First and foremost you're probably asking yourself "what is gamification?" According to Educause's Things You Should Know About Gamification, "Gamification is the application of game elements in non-gaming situations, often to motivate or influence behavior". It is used to create an engaging dynamic. It generally engages students because they're given game like prizes. It gives motivation to reach certain accomplishments. I also gives teachers a way to track accomplishments and points. Using games to learn keeps students engaged and stimulated and gives them the chance to work at their own pace and achieve their individual goals.
Tom Chatfield presents an interesting rationale in a TED talk titled 7 Ways Games Reward the Brain. Games reward your brain with experience bars that measure progress, multiple long and short-term aims, rewarding effort, feedback, and have an element of uncertainty. Using games is engaging and this is because, effort is rewarded although the reward before hand is uncertain.
At one point he discusses the neurotransmitter associated with learning, dopamine. This is a chemical released by the brain that is associated with reward seeking behavior and makes people feel good. They have found ways to track the dopamine levels in the brain while gaming, which has given them the opportunity to predict learning and enhanced engagement when learning is taking place at an enhanced level. This has given them the chance to find moments when someone is most likely to remember and when someone has confidence. It shows how " Gaming makes students confident and gives them opportunity to collaborate. Both of these are very important qualities students should have in everyday life and in the working world.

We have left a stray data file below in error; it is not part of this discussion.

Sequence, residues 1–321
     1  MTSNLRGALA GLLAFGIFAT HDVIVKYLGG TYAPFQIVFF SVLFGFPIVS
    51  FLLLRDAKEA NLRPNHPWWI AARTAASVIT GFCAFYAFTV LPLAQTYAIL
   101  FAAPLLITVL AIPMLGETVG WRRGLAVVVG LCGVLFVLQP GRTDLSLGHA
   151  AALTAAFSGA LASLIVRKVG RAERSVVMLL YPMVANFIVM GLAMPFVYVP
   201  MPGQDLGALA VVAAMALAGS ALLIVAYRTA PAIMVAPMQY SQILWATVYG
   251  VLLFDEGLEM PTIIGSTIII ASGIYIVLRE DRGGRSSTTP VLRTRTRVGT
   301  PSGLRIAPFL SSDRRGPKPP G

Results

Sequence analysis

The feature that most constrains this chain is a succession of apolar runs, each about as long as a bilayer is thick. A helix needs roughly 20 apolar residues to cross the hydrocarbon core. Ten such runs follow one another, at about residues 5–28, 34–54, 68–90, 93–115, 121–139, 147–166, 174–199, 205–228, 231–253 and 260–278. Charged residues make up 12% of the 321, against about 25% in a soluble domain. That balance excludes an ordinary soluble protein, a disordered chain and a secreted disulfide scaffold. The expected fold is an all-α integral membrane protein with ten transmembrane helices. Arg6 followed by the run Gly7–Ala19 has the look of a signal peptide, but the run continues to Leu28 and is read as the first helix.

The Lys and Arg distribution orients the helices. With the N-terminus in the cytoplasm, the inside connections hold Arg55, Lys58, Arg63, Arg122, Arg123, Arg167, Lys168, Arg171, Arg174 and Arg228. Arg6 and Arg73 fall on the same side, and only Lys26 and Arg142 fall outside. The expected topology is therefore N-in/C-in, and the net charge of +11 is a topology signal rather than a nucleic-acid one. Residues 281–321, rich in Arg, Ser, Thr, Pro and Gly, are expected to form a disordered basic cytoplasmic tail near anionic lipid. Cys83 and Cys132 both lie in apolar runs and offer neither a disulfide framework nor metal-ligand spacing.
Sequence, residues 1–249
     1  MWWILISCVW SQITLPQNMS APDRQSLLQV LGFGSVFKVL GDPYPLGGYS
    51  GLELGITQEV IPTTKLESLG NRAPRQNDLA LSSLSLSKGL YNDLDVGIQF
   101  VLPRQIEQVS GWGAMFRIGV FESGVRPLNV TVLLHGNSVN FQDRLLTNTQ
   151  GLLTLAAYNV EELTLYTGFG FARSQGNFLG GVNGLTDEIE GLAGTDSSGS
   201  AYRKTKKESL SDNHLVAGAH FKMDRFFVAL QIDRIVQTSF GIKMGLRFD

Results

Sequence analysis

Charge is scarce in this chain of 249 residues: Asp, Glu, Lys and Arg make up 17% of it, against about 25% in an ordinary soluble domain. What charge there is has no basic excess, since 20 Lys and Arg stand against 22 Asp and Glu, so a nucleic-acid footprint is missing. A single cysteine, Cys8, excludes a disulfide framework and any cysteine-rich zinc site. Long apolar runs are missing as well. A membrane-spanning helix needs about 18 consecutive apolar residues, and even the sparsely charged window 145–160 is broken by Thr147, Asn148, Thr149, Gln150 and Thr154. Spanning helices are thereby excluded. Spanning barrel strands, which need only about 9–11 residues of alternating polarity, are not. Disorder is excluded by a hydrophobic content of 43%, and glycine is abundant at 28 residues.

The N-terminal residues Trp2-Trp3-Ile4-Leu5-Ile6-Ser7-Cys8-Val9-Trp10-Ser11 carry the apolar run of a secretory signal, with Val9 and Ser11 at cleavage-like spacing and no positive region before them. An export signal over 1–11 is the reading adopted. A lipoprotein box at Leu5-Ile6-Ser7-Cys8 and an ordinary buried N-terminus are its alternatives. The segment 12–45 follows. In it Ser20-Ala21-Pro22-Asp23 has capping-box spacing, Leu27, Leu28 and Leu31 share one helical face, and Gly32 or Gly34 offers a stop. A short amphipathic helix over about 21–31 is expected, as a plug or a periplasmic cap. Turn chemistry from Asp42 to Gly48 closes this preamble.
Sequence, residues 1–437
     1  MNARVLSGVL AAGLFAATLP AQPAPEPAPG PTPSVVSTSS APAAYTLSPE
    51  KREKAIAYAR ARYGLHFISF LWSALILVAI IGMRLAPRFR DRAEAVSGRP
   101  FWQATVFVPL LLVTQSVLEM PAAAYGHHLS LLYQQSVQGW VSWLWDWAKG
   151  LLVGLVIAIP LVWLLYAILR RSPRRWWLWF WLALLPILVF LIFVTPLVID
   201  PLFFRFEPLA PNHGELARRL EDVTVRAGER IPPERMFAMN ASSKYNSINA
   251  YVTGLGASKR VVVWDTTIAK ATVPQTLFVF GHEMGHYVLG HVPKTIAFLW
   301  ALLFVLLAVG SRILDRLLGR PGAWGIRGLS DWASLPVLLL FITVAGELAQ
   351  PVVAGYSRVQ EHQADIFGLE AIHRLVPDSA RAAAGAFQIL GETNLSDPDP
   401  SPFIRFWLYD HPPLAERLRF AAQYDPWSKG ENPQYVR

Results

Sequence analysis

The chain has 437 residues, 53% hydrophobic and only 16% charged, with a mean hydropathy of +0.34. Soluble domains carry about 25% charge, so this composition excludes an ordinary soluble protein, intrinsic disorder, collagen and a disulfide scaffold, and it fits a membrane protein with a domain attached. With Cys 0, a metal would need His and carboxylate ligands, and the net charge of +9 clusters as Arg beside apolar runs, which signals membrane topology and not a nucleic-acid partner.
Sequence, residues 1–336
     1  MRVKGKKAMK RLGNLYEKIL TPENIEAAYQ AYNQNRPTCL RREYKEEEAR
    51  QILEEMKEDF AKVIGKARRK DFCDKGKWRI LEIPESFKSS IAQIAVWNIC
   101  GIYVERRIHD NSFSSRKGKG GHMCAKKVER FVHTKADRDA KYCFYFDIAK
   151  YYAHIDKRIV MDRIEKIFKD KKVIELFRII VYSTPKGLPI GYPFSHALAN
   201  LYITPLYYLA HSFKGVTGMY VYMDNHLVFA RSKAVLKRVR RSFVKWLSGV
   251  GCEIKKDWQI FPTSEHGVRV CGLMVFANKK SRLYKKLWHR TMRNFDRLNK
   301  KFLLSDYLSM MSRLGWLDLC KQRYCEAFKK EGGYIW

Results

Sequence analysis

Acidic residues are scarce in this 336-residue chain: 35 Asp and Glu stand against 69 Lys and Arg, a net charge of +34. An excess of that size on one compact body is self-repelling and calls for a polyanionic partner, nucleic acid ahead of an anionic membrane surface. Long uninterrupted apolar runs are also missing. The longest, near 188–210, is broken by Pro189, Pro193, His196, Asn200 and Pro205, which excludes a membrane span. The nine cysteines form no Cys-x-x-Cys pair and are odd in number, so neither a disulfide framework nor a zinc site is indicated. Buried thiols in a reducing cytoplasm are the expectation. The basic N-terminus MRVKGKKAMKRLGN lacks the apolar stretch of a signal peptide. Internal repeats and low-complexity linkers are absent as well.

Now that we know what gamification is and how it effects our brain, here are some ways that you can incorporate games in your classroom for your students. Digital Play shares 10 Gaming Genres To Adapt In Class and they are: point and click, escape the room, arcade, puzzle, strategy, adventure, casual, massively multiplayer online role playing games, alternate reality, and virtual worlds.
A few of my favorites I could see myself using the classroom are:
- Escape the Room - Language can be used by getting a student to write about a walk through that we do as a class or they do on their own. If you're not familiar with them you can check a few out here
- Arcade - Games like these can give students the chance practice language skills at a quick pace.
- Puzzle Games - These could come in handy when testing a students ability to understand word or language patterns. You could create an activity to a virtual word sort.
Overall, using games in your classroom shows how effective it is for student engagement and the benefits it has on a learners brain.